Close, but not quite.
The solution: One dollar of capital.
That is, for each dollar of credit that a bank extends it must have on it’s books either a dollar of immediately reducable to liquid asset or a dollar of actual capital. Capital is either (1) borrowed from the market and is 100% “at risk” (e.g. through the sale of bonds), it is (2) exchanged for equity (ownership, aka through the sale of stock) or (3) it is retained cash earnings from previous business operation.
In practice this means that a bank can extend a loan for the immediately-reducable market value of a house (or a car, or a commercial letter of credit) without holding additional capital. However, for any dollar of loan that isnot immediately-reducable (yes, this is the “fire sale” value!) it must have one dollar of capital behind the loan. For an unsecured credit line (e.g. a credit card, a student loan, etc) it must have the entire outstanding balancein capital. For a derivative position every dollar of underwater position must be backed by one dollar of capitalirrespective of claims that someone else can pay them via an offsetting position unless there is proofavailable that the other party can pay the offset. In practice this means that the sort of monstrous “notional value” derivative transactions would not take place since forcing the hedge funds and similar to post up a dollar for every underwater dollar on each position every night would effectively end the abusive practices we observe today.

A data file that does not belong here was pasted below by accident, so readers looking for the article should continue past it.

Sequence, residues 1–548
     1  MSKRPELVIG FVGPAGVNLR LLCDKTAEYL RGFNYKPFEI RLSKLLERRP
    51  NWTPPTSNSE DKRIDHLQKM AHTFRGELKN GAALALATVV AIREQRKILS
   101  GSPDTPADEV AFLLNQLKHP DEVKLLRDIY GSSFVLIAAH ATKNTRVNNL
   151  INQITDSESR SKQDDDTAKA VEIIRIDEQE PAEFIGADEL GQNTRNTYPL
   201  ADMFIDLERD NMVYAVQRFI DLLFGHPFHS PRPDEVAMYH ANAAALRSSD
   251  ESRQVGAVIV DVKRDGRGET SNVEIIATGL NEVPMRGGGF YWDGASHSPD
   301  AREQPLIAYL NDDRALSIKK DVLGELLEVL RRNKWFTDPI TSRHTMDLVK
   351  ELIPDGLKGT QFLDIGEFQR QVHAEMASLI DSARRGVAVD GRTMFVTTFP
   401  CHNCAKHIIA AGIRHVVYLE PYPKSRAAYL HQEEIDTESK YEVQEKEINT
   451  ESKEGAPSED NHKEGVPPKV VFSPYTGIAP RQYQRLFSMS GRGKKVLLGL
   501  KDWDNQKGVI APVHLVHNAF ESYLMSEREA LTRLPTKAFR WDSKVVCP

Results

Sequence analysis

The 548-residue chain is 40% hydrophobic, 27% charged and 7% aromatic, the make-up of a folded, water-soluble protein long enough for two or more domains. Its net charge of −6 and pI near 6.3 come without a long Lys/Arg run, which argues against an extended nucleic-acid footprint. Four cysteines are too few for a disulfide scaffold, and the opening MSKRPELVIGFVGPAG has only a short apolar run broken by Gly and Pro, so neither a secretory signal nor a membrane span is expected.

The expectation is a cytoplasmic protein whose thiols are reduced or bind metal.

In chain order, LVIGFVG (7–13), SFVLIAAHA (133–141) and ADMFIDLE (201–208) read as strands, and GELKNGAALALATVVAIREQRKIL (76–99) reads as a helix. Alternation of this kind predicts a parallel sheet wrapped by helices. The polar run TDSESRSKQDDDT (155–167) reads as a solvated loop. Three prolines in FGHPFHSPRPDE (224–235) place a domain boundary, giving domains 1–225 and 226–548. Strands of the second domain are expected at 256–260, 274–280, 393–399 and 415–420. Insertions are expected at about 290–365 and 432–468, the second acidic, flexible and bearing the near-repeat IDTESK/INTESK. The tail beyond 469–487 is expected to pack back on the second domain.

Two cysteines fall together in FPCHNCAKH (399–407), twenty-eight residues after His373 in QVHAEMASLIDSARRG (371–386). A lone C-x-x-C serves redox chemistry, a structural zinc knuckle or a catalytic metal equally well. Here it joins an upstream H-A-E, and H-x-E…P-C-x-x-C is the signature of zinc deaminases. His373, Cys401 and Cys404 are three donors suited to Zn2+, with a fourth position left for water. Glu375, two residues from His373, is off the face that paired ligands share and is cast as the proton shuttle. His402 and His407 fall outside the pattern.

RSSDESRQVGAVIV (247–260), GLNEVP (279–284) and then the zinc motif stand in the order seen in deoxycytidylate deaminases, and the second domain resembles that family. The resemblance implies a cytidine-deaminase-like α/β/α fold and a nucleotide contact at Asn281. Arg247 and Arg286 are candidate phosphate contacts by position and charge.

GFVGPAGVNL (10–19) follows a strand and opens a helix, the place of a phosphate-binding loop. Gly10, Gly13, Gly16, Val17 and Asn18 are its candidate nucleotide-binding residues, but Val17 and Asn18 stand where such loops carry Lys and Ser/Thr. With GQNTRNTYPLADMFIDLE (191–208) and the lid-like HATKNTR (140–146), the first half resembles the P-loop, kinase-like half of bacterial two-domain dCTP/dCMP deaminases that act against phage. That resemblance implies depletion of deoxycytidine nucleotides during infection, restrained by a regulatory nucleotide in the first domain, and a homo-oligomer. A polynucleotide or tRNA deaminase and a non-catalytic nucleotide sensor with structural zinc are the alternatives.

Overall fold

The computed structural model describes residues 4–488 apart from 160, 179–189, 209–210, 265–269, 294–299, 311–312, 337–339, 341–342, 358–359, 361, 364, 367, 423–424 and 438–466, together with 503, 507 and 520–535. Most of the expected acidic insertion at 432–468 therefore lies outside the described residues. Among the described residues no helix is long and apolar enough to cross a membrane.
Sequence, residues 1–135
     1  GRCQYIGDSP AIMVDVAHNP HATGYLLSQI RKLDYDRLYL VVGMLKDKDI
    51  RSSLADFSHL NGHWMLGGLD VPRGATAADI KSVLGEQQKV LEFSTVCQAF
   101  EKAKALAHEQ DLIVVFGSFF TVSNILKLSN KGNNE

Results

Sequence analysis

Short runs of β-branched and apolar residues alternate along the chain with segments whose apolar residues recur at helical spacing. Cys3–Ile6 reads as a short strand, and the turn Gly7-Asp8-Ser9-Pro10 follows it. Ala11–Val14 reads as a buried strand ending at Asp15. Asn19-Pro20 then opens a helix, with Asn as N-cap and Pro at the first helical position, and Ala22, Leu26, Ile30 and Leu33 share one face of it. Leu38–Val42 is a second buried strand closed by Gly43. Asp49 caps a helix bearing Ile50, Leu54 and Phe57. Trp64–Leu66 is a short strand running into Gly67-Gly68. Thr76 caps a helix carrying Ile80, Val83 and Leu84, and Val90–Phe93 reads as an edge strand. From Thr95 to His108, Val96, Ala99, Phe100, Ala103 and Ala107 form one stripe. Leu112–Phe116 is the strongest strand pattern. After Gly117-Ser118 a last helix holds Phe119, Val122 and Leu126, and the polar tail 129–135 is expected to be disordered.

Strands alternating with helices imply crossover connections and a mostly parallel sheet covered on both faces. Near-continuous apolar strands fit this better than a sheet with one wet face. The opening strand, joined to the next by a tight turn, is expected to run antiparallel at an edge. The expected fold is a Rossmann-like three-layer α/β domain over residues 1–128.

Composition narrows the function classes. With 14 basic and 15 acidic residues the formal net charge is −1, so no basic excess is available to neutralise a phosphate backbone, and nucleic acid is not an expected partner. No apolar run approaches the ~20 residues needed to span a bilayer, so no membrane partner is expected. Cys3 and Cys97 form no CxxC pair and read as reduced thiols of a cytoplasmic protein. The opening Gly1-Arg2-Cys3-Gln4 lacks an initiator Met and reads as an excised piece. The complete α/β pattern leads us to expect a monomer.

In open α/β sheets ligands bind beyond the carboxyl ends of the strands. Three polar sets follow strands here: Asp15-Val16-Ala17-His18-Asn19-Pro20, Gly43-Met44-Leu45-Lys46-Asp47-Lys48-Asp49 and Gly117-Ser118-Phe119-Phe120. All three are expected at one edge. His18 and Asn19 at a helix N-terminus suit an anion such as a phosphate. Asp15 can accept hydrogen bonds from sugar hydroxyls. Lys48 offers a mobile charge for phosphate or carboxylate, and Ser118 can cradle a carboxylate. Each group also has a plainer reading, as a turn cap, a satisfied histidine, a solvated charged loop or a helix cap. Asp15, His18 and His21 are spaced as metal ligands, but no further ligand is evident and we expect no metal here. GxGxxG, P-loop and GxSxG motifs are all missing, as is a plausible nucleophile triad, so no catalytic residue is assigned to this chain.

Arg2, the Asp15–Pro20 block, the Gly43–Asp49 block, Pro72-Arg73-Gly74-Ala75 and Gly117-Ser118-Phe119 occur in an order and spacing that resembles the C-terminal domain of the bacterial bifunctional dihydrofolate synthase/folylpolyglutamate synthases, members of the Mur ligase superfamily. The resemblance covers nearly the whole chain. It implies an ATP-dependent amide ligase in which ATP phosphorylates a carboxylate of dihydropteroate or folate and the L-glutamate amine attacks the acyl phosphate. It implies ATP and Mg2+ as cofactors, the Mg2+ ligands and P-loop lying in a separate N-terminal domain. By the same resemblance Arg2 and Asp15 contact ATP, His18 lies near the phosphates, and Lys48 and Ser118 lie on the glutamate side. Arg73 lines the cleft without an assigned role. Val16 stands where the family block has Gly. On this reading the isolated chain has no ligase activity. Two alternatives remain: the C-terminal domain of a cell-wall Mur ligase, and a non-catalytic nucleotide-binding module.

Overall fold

Bluntly, it makes this sort of abuse possible:
and on a quarter-by-quarter basis, this:
It is mathematically impossible to expand credit faster than GDP on a continuing basis and have the outcome be stable. Such issuance is economically indistinguishable from counterfeiting of the currency in question and since it is an exponential function the destruction of purchasing power occurs at an expanding rate until the remaining purchasing power in the economy is insufficient to make the payments. Then we get 2008 — and if we don’t cut this crap out here and now we’re going to get something much worse than 2008.
Note that deposits are not capital and do not count; a deposit which can be withdrawn immediately (whether under penalty of some amount of interest or not) cannot be lent as it is effectively a bailment. If a bank wants to lend your deposit out it has to contract with you for a time-certain to have access to your funds and you must be fully exposed to the risk of losing the money.
This is not, by the way, what some people call “full reserve banking.” Full reserve banking is in fact 200%reserve banking! Consider that if you lend someone $100,000 to buy a house that is worth $200,000 on the market in immediately-liquid form (e.g. in a “fire sale” asset liquidation) requiring the bank to hold $100,000 in capital against that loan requires them to effectively hold twice the capital — once in the mortgage note, andagain in capital. If you do that all lending becomes unsecured in an afternoon (because nobody in their right mind would lend “secured” when the security is not recognized as having value!) and the follow-through effects return commerce to roughly the level of the 1500s in an afternoon. That is both stupid and unnecessary.
One Dollar of Capital folks. You heard it here on The Market Ticker years ago, and now, on 6/19/2012, you’refinally seeing people wake up to why it’s so important.